WAMU 88.5 : News

Filed Under:

Alexandria Debates Opening Streets To Food Trucks

Food trucks can be found in D.C. and Arlington, but now some officials say Alexandria should be next to offer up mobile dining options.
Food trucks can be found in D.C. and Arlington, but now some officials say Alexandria should be next to offer up mobile dining options.

Leaders in Alexandria are about to consider a proposal that would open up the streets of Alexandria to food trucks. But like the fight over food trucks in other parts of the region, there are critics — and they say the plan is too broad.

The proposal on the docket for Saturday's public hearing would allow food trucks in most of the city, including residential streets 7 a.m. to 8 p.m. They would be prohibited from setting up in areas that have parking districts, and they would be restricted to certain areas of Old Town and Del Ray.

But during a recent meeting of the Planning Commission, Commissioner Stu Dunn said food trucks would have very few restrictions. "We have all kinds of restrictions on outdoor dining. Nothing on these," he said.

Supporters say food trucks create a sense of excitement and provide choice to consumers. "As someone who works in the District of Columbia and frequents them, I think that they have an impact on enlivening public space that we could take advantage of here," said Planning Commissioner Nate Macek.

Planning Commission Chairman Eric Wagner said city leaders have spent years protecting the old and historic district, so it would be a mistake to let a truck drive in with an eight-foot sign advertising pretzels.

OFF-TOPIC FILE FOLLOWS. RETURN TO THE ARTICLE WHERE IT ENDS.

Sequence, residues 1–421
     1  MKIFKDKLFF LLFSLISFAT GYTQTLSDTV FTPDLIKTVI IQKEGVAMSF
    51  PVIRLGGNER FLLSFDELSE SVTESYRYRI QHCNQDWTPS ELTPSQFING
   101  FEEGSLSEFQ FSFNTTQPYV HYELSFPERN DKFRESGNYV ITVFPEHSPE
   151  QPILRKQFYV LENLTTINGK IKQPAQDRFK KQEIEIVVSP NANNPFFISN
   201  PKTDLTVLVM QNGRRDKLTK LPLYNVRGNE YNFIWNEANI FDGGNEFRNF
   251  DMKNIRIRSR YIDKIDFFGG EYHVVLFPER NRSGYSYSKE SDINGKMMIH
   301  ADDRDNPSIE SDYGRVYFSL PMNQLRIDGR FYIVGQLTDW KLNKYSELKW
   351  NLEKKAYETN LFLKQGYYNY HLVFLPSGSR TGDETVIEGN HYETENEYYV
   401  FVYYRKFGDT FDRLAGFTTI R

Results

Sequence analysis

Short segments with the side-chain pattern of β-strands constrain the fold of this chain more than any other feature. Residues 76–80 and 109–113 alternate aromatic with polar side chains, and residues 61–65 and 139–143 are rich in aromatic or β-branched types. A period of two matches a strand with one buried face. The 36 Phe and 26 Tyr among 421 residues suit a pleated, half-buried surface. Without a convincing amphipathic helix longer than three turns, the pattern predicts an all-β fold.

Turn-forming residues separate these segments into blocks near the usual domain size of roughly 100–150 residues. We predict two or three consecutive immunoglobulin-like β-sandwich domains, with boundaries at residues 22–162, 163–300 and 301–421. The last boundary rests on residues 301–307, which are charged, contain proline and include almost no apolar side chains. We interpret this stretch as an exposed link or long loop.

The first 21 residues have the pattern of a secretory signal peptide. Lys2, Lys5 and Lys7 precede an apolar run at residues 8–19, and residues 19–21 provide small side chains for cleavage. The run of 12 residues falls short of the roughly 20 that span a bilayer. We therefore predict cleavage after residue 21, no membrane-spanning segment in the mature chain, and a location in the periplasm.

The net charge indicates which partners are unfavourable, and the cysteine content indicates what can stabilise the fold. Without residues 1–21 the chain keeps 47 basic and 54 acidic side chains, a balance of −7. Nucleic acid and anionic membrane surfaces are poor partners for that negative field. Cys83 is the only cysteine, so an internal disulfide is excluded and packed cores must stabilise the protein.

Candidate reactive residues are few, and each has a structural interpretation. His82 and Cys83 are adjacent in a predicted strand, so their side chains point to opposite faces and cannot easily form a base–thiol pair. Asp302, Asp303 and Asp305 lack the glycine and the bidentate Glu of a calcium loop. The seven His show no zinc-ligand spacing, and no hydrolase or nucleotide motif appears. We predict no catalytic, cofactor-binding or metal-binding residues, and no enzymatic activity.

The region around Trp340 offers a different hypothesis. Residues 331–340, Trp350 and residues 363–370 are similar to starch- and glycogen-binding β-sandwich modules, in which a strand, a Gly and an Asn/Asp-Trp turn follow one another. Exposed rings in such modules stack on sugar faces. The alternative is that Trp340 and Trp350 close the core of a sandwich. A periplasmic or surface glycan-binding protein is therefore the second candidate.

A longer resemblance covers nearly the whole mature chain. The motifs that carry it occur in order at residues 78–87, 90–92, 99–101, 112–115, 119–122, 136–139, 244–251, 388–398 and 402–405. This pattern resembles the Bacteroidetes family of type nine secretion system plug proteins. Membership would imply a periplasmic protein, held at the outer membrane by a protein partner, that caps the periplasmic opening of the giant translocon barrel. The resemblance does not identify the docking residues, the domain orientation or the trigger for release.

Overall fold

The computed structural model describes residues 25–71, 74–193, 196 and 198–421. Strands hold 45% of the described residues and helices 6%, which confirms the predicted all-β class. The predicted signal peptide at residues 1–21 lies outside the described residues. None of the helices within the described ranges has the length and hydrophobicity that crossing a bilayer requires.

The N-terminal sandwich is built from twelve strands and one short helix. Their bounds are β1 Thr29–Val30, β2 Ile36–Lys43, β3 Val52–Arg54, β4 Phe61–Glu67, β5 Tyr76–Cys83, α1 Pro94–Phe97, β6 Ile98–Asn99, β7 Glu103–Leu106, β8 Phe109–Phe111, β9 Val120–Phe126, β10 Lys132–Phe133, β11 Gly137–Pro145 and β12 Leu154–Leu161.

"If I were a civic activist right now I would go home and call everybody in my neighborhood association, and I would gin up a tidal wave of opposition to this," he said.

City Council members have indicated they might scale back the proposal this weekend to and create a pilot program to have food trucks at farmers markets.

Similar debates over when and where food trucks should be able to operate took place in Arlington and D.C.


From 'Unproud' To 'Hombre,' Election 2016 Is Testing Our Vocabulary

Merriam-Webster noticed the number of unique words coming out of this campaign, and has been using Twitter to report the most searchable words. Lexicographer Peter Sokolowski talks to Rachel Martin.

A History Of Election Cake And Why Bakers Want To #MakeAmericaCakeAgain

Bakers Susannah Gebhart and Maia Surdam are reviving election cake: a boozy, dense fruitcake that was a way for women to participate in the democratic process before they had the right to vote.

Republican And Trump Critic Ana Navarro Speaks On Election

Ana Navarro has become a standard bearer for Republican women repudiating Donald Trump. NPR's Rachel Martin speaks with the GOP strategist about her view of the election, which is only 16 days away.

The Next Generation Of Local, Low-Power FM Stations Expands In Urban Areas

The next wave of low power FM stations is coming on the air. Initially restricted to rural areas because of interference concerns, nearly 2,000 new stations have been approved — many in urban areas.

Leave a Comment

Help keep the conversation civil. Please refer to our Terms of Use and Code of Conduct before posting your comments.